Team GB’s only gay athlete ready to risk prison to defend LGBT rights in Qatar

Exclusive: Same sex marriage is not recognised in Qatar, the country which will host the World Championships next year

Barney Cullum
Sunday 22 July 2018 13:14 BST
Bosworth is ready to stand up for what he believes in in Qatar
Bosworth is ready to stand up for what he believes in in Qatar (Getty Images)

Team GB’s only gay athlete will risk prison at Qatar’s World Championships next year after pledging to defend LGBT rights during the global showpiece.

Tom Bosworth is one of Britain’s leading gold medal prospects for the Doha event after collecting a silver medal in the 20km race walk at the Commonwealth Games earlier this year.

The 28-year-old collected the second world record of his career at the London Stadium on Saturday and is at his peak.

However Bosworth, who came out as Britain’s first gay athlete in 2015, is angry that a sport that prides itself on diversity has granted the hosting rights for its flagship event to a country that continues to criminalise homosexuality.

Bosworth will be one of Team GB's leading medal hopes in Qatar (Getty Images)

“There’s many questions as to why this championship’s ended up where it has,” the Leeds-based athlete told The Independent. “I think the athletes and perhaps even the sport has been forgotten.”

“Obviously Qatar wants to make a statement. They’ve got the football world cup (in 2022) as well. If it’s about money, there’s other options [that could have been taken].”

Bosworth proposed to his boyfriend on a Brazilian beach during the Rio Olympics but same sex marriage is not recognised in Qatar. Men who have sex with other men face up to three years in prison.

“I’ve told my fiancée, ‘don’t even consider coming… I don’t want you or my family to come,’” adds the man who captained Team England at the Commonwealth Games in Australia earlier this year.

Bosworth has told his fiancée not to travel (PA)

The plan ensures the safety of his partner, but Bosworth will risk an even harsher punishment by defending LGBT rights while in Doha. Criticising the Gulf State’s Emir, whose family dynasty the new athletics stadium is named after, carries a five year jail sentence.

It emerged last week that locally printed version of international newspapers are having articles defending LGBT rights removed for the first time, as the country closes ranks in anticipation of increasing scrutiny of its laws.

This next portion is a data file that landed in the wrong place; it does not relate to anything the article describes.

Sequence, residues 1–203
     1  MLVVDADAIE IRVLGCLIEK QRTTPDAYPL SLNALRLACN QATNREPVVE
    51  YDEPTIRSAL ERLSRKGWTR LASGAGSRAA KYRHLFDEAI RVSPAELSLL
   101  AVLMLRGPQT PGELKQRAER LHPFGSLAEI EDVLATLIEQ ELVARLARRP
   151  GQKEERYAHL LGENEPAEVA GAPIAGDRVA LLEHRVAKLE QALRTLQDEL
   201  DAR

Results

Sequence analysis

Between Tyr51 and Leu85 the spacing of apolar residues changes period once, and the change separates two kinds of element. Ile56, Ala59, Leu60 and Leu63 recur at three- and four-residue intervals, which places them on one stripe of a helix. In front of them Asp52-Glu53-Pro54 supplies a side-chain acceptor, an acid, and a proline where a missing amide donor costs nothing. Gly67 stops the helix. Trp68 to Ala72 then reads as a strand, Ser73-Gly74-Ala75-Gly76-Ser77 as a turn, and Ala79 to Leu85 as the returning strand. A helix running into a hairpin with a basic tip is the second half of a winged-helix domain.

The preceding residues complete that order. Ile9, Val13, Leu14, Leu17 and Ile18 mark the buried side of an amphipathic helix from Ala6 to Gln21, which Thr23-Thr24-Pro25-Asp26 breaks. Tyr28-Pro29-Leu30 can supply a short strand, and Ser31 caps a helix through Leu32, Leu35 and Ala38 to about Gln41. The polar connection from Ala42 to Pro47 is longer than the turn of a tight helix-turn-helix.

“I will not be afraid to speak out,” Bosworth said after his latest victory. “I’m going there to do a job and compete but I want to do that safely, happily and I want those opportunities for everybody.”

Bosworth said he held out hope that the host country may yet surprise him. Emir Sheikh Tamim bin Hamad Al Thani is visiting London on Monday and Amnesty International have called on Prime Minister Theresa May to advocate for LGBT people in Qatar in their discussions.

“I’m not saying it’s not going to be great. Look how great the football world cup was in Russia and plenty of people said there’s going to be problems and that it’s dangerous. There’s no doubt sport brings people together and hopefully that will be the same next year.”

Bosworth broke a world record in London on Saturday (Getty Images)

Qatar’s leading athletes insist a compelling spectacle is in store. The country has little athletics heritage in terms of winning medals but the state wants to display a positive, transformative image, on and off the track.

“I’m going to win a gold medal for the Emir because he loves athletics so much and we love him too,” Abdalelah Haroun said after winning the 400m.

Qatar’s Aspire Academy ‘recruited’ Haroun from his native Sudan to boost their medal prospects before the IAAF changed its rules on switching nationalities recently. They also persuaded Abderrahman Samba, the hottest athlete on the Diamond Leage circuit this year, to switch allegiance from neighbours Saudi Arabia. “My family are all still in Saudi,” the hurdler admits.

Qatar’s tactics to ‘rebrand’ their nation may backfire. Samba’s rival for gold next summer, Karsten Warholm, holds nothing against his opponents and praises their dedication to their craft, but wonders if any glory he secures may feel a little hollow. “I just hope they have the same heart for their country as I have. I hope success is something you work for and not something you buy. Qatar don’t get to buy me, anyway.”

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